The Lord’s Prayer – The Gospels in Reverse
- Bible study
- Christian Evidences
- Christian Living
- Dr Desmond Ford
- Holy Spirit
Oct 9, 2014 6773
by Desmond Ford
The Lord’s Prayer is a summary of the four Gospels. Matthew, Mark, Luke, and John are summed up in this prayer.
But in reverse.
The prayer begins with a summary of John’s Gospel, the last Gospel.
The first part of the Lord’s Prayer, “Our Father which art in heaven, Hallowed be thy name. Thy kingdom come, Thy will be done” is a summary of Johns Gospel.
One way to study a book is to find the key words. “Believe” is one of the key words in John’s Gospel. It occurs in
just about every chapter, about 100 times. But “Father” beats that; John’s Gospel mentions God as “Father” 120 times.
It is in John’s Gospel that we read 28 times about the will of God. And in John’s third chapter, we learn about how we enter the kingdom of God.
Why does the Lord’s Prayer work from the end backwards? Because John’s Gospel is the most mature and developed of the four Gospels.
The four Gospels point out the transition from Judaism to Christianity. Matthew’s Gospel is the most Jewish. It is like a steel clasp, clasping together both Old and New Testaments. (Matthew has 99 references to the Old Testament. That’s not true of John, luke, or Mark.)
But as you come to John’s Gospel, you come into a full Christian atmosphere in its burgeoning maturity.
The lord’s Prayer begins with the Christian essence of John’s Gospel about God as “Father.” The Jews never prayed to God as “Father.” It was Jesus who came and taught us that when we pray, we should pray, “Abba.” (The Aramaic word for “Daddy,” or “Papa.”)
Luke and Forgiveness of Sins
As we move on in the Lord’s Prayer, we find it deals with the forgiveness of sins.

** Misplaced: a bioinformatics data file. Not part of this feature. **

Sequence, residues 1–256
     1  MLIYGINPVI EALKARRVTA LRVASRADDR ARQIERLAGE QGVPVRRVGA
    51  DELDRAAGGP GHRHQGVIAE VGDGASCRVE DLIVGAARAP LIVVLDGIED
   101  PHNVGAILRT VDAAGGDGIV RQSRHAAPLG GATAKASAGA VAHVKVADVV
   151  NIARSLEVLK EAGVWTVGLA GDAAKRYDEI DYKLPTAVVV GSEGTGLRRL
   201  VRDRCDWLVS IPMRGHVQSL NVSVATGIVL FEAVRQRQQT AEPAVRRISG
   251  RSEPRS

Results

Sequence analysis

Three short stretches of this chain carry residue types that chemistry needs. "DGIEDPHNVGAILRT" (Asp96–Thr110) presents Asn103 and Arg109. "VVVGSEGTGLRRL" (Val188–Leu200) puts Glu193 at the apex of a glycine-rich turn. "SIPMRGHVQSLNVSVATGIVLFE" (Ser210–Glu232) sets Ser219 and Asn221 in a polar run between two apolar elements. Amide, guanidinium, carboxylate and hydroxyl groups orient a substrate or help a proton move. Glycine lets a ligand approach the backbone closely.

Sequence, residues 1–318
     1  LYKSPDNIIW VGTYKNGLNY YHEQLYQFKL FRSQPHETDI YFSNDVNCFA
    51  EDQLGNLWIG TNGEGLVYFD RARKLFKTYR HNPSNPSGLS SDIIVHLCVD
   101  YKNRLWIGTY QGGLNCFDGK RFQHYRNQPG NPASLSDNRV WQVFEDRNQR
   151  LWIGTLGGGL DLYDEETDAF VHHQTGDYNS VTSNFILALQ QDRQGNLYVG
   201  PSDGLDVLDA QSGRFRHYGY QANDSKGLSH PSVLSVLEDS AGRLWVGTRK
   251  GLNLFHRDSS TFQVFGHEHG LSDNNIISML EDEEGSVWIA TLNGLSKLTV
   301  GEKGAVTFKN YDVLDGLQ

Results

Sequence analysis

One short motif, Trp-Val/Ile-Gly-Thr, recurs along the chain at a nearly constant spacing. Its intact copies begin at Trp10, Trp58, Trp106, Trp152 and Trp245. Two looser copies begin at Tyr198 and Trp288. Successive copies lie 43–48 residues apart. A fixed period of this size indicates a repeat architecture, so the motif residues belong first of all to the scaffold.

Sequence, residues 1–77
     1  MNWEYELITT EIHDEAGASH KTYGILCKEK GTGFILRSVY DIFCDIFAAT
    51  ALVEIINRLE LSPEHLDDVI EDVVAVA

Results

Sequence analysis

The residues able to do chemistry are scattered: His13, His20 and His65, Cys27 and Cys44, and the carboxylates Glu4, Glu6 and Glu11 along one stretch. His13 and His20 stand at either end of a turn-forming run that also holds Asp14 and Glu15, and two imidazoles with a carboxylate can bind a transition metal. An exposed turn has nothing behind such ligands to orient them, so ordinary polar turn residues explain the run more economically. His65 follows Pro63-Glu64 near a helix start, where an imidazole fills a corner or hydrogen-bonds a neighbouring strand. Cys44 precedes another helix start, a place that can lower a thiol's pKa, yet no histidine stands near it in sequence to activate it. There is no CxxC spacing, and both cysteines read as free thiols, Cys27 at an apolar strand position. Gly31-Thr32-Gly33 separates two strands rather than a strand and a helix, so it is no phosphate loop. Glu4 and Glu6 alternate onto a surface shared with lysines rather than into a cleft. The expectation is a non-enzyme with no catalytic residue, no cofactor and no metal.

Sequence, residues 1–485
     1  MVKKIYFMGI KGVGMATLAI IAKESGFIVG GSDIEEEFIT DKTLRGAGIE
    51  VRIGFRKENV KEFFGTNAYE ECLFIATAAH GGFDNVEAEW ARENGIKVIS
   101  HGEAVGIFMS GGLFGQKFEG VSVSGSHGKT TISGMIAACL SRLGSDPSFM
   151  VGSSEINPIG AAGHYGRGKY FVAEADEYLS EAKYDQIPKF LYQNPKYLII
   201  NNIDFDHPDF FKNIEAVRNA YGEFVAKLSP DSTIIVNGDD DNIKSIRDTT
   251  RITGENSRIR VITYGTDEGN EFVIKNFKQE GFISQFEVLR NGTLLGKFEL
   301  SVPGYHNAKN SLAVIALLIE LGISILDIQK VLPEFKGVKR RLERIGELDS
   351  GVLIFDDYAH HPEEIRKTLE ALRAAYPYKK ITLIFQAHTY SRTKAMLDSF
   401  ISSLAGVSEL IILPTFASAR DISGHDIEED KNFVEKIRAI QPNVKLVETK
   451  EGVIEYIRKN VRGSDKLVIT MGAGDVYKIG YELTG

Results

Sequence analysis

This reminds us of Luke’s Gospel, which has the most to say about the sympathizing, compassionate nature of God and his generosity in forgiving sins. Luke’s is the Gospel about the outcast, the lost coin, the lost boy, the lost sheep, and the lost Gentile. It’s full of compassion and sympathy and forgiveness. When we read the second section of the lord’s Prayer about “forgive us our sins,” that makes us think about luke.
Mark’s Victory and Matthew’s Kingdom
And “lead us not into temptation; but deliver us from evil” makes us think of Mark. Mark is more dynamic as a Gospel than any of the others. It contains more of the miracles Christ performed when he was fighting the evil of the devil.
Mark is the great Gospel of victory over the adversary. When the lord’s Prayer says, “Deliver us from evil,” that’s a summary of Mark, when mighty miracles take place and Christs kingdom of grace is conquering the kingdom of darkness.
Matthew contains the word “kingdom” 56 times. The lord’s Prayer ends with the theme of Matthew: “Thine is the kingdom of heaven.”
Our lord’s Prayer is a summary of John, Luke, Mark, and Matthew – in that order.
– Des Ford. Rom 8:28-39
Taken from audio program, “Christ’ Mystery Stories – 2”